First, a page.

How Is the British Prime Minister Elected?
The British Prime Minister is not directly elected; instead, he is appointed by the Queen after the general election. The leader of the party that secures the most seats in the House of Commons automatically becomes Prime Minister and subsequently forms the government.
The British Prime Minister election first takes place at the local level. Before being elected Prime Minister, the individual must secure a seat in the Parliament. To become a Member of Parliament, the candidate must secure more votes than his rival in their locality. If any party secures a majority, the Queen invites its respective leader to become Prime Minister and form government. If the leader agrees to the post, he assumes the role immediately.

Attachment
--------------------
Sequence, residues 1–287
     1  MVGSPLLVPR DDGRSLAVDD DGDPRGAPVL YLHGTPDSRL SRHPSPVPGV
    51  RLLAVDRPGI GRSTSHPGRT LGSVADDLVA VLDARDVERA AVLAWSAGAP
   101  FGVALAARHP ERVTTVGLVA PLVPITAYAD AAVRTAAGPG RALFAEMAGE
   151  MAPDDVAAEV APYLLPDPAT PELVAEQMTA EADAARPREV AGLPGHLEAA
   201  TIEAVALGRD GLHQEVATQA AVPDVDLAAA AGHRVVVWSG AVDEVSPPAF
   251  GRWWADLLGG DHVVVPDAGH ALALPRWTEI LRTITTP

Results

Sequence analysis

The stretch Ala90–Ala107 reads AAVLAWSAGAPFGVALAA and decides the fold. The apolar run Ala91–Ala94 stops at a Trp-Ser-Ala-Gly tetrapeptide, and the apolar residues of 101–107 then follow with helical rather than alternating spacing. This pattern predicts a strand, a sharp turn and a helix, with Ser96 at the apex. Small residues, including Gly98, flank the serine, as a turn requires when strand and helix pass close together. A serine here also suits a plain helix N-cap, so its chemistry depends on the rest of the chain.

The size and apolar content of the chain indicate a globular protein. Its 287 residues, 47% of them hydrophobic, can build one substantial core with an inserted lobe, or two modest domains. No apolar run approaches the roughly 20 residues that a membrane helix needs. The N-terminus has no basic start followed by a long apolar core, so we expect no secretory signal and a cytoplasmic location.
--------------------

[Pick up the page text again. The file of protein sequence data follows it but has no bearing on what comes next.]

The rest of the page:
If a party does not secure a commons majority, the largest single party could form a minority government or partner with other parties to form a collation. The largest single party can also reach an informal agreement with an opposing party to become a sustainable government. In most situations, the party leader with the most seats would attempt to partner and form a coalition with the largest of the smaller parties. Britain’s electoral system favors the two largest parties, which are known as the Labour and Conservative parties.